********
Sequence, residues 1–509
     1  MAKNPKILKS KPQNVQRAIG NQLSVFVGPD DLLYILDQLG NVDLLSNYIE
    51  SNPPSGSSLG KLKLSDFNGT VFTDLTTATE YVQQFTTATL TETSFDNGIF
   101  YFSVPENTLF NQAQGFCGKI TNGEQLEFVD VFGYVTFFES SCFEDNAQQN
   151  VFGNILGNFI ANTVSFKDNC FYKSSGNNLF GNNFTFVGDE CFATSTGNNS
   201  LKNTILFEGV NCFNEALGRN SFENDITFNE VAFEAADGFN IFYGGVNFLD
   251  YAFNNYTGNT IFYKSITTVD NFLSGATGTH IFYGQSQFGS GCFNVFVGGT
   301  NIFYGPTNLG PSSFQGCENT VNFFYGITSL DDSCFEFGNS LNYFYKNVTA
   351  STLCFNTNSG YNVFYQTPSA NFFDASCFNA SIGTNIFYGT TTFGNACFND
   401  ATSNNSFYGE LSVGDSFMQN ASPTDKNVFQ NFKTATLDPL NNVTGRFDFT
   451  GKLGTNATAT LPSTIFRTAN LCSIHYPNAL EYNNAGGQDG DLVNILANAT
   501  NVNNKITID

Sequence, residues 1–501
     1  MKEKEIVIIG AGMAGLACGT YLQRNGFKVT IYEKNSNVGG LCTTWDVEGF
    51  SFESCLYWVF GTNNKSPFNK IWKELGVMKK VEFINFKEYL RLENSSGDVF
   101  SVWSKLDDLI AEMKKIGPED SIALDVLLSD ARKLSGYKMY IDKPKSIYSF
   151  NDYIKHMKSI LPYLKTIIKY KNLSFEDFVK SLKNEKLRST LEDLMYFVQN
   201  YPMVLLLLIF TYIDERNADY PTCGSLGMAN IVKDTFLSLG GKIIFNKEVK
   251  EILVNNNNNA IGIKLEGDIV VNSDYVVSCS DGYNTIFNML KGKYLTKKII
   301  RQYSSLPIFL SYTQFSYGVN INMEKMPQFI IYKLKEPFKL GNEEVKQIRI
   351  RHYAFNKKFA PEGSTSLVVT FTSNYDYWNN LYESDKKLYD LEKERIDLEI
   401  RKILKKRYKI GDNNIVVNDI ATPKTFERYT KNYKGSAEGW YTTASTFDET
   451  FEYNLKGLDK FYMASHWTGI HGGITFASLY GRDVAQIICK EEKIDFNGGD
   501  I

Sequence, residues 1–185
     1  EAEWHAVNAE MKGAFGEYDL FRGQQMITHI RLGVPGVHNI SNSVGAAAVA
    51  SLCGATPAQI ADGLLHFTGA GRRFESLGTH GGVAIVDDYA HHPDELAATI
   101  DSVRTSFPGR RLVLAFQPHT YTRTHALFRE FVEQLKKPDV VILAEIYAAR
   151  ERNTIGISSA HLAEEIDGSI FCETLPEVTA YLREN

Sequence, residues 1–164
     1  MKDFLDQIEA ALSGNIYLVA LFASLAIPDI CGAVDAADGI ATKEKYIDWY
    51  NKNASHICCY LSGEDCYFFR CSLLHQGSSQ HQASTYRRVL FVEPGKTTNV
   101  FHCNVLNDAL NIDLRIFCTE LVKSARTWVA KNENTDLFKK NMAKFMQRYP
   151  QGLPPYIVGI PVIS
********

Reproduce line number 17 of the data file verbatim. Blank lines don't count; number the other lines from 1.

   151  NDYIKHMKSI LPYLKTIIKY KNLSFEDFVK SLKNEKLRST LEDLMYFVQN